Cass County: Public inspections key to fighting AIS

Boat inspections and public education that Cass County and its residents have used to fight the spread of aquatic invasive species (AIS) appears to be the right approach. Association of Cass County Lakes (ACCL) members convened their fall meeting...

Boat inspections and public education that Cass County and its residents have

used to fight the spread of aquatic invasive species (AIS) appears to be the right approach.

Association of Cass County Lakes (ACCL) members convened their fall meeting Friday morning, Sept. 25, at the Hackensack Senior Center to share information about what each member lake association has been doing this summer to prevent AIS spread.

State Sen. Tom Saxhaug and Rep. Tom Anzelc also attended to learn about how the

county used its state AIS grant.


Rima Smith-Keprios, Cass County AIS specialist, reported there have been no new AIS lake infestations this summer. The public access inspections have been a key to this success, she said.

Vic Rinke, moderator for the meeting and a Woman Lake Association board member, reported boaters indicated in a survey taken this summer the most common way boaters learned about state AIS laws and best prevention methods was through education inspectors gave them and from signs/billboards.

Cass County received $450,000 from the state in 2015. Of that, Smith-Keprios said the county designated $306,000 to hire 27 DNR-trained inspectors to check boats at public landings. Some of the rest of Cass' state and local money went: to buy supplies for inspectors; for RMB Environmental Laboratories to do 48 lake assessments; to install car counters at 19 lakes; to have the dive team check lake bottoms for invasive species; to do a plant inventory on Gull Lake; to inspect boats for fishing tournaments and a regatta on Leech Lake; to set up boat

decontamination sites; to hire off-duty law enforcement to inspect boats; and for signs.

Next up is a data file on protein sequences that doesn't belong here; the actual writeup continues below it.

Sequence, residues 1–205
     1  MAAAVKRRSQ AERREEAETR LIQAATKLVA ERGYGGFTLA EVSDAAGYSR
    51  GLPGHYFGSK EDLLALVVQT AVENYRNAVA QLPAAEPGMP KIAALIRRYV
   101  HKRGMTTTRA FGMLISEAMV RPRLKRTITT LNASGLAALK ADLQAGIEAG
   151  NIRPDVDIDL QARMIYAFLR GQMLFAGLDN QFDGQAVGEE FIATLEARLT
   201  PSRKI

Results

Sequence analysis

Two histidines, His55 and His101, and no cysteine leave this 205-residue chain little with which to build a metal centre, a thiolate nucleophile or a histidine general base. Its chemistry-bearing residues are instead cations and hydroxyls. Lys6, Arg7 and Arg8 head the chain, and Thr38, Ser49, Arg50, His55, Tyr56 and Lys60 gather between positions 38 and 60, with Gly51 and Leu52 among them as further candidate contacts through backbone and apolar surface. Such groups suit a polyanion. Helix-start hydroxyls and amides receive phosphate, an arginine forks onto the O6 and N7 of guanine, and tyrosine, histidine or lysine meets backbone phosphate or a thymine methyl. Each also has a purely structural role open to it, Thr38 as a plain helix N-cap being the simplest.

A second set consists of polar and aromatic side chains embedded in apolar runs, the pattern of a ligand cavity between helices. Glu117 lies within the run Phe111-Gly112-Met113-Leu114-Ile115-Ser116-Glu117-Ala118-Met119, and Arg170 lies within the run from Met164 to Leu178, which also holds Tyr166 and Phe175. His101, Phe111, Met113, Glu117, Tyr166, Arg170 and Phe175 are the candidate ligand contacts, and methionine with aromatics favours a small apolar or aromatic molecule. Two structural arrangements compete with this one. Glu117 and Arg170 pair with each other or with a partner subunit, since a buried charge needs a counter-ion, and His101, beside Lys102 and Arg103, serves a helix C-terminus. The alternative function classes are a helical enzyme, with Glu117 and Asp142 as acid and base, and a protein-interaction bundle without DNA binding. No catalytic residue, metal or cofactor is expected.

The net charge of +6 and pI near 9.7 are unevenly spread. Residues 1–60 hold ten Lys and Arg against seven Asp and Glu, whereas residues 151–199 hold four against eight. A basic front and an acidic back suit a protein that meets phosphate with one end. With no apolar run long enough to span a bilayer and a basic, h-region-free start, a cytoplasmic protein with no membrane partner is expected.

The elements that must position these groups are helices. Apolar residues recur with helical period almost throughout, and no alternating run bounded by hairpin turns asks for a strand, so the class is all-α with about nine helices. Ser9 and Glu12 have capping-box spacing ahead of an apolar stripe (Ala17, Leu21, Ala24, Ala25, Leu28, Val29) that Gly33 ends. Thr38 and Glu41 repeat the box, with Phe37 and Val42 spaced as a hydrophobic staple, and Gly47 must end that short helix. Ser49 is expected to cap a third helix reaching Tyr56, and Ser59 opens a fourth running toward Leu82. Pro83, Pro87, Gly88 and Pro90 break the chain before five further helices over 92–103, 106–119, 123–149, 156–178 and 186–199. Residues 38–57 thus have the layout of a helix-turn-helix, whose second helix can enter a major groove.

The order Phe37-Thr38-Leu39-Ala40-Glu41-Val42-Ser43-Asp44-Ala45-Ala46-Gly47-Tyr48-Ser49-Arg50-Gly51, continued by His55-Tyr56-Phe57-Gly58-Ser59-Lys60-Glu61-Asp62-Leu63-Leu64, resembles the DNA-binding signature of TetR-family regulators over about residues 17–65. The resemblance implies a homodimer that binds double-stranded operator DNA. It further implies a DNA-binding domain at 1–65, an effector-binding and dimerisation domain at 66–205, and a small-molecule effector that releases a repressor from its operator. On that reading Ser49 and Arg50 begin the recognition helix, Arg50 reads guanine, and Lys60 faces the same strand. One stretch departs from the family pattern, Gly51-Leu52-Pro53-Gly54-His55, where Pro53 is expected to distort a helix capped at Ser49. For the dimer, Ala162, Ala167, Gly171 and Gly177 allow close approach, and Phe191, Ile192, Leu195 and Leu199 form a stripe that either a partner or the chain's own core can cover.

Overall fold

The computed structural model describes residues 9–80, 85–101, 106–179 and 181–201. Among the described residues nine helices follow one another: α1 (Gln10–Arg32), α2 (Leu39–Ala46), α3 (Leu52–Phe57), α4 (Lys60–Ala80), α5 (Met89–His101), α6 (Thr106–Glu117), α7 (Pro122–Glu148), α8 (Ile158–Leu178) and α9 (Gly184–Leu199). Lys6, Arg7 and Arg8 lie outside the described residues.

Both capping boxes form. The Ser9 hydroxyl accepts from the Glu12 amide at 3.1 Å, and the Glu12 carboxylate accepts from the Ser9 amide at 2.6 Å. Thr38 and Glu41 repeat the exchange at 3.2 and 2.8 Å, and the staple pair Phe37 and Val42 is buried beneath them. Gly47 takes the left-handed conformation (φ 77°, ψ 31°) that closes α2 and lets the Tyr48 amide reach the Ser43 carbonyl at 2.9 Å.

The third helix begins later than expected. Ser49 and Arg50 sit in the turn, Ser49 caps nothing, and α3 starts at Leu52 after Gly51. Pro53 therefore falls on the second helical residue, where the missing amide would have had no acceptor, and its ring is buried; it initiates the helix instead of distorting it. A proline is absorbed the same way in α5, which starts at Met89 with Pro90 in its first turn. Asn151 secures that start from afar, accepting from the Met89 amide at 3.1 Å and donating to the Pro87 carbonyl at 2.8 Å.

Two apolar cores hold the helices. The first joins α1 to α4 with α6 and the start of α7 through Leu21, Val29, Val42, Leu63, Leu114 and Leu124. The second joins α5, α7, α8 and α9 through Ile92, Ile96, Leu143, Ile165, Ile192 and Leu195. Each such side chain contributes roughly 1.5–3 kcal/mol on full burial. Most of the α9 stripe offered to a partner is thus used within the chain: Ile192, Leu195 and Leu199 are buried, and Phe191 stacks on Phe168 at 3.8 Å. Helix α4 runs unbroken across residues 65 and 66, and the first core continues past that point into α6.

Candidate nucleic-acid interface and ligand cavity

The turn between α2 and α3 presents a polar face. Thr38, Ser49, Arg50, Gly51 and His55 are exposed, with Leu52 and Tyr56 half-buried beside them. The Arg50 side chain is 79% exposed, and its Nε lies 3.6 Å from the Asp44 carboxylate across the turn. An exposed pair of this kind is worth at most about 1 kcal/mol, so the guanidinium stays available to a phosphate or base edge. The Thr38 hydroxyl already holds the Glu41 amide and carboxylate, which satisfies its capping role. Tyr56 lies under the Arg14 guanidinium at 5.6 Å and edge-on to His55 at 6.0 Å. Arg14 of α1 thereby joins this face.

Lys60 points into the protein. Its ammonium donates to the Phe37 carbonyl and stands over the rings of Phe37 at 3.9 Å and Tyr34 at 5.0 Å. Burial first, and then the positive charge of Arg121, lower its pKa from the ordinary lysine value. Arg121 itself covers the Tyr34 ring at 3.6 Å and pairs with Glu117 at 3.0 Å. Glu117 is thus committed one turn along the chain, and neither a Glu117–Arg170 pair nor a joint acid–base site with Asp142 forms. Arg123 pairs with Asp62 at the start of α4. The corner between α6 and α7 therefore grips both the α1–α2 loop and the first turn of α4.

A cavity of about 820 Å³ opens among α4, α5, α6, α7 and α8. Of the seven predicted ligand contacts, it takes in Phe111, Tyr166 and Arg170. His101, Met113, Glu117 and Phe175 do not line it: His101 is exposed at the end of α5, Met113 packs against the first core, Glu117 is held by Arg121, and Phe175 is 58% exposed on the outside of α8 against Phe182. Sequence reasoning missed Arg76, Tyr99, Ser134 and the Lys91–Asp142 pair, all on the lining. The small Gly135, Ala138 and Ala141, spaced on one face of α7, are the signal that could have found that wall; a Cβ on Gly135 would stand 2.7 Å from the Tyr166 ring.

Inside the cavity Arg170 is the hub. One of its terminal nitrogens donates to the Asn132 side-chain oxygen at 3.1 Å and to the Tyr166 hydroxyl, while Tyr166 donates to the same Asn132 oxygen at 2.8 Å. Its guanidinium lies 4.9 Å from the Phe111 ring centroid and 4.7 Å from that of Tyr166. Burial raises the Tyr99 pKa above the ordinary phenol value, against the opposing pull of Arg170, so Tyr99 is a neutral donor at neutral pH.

The county had printed some public information handouts for resorts to distribute to guests.

"Having this (state) funding at the county level has helped so much," Smith-Keprios told the

legislators. "It makes a huge difference."

Pat Welle, Bemidji State University professor and economic and environmental specialist,


worked with Cass County resort owners and managers to help them control accesses on their private landings and to educate their customers on AIS.

He plans to work next with resort owners who are not resort association members and with owners in planned unit developments who share a private lake access. Resort owners say their guests admit not knowing enough about AIS best practices, Welle said. About three-fourths of their guests bring their own boat, he said, though they report hopping among multiple lakes less than expected.

Rinke said Cass' inspection program has relied on a lot of lake resident volunteers in addition to the DNR-trained paid volunteers to make Cass County's program successful.

The county began its program in 2013 when the county board and the soil and water conservation district adopted an invasive species prevention plan, according to Jerry Lerom, ACCL president.

Lake associations and some townships donated $23,000 that first year toward implementing

the plan. Public landing inspections started with that funding and volunteer inspectors, Lerom

said. State funding has now expanded the inspection/education program.

"Law enforcement isn't the answer to everything," Rinke said. "It takes responsible people."


Lake service providers who install and remove boats, lifts and docks from lakes now are trained and check equipment as they move it, Rinke said.

Holly Ash, whose family has owned and operated New Leech Lake Campground by Federal

Dam for 33 years, said they have multiple boats putting into Leech Lake daily, so inspections are very important.

There are 57 resorts in the Boy River chain of lakes running from Ten Mile Lake to Leech Lake, she said.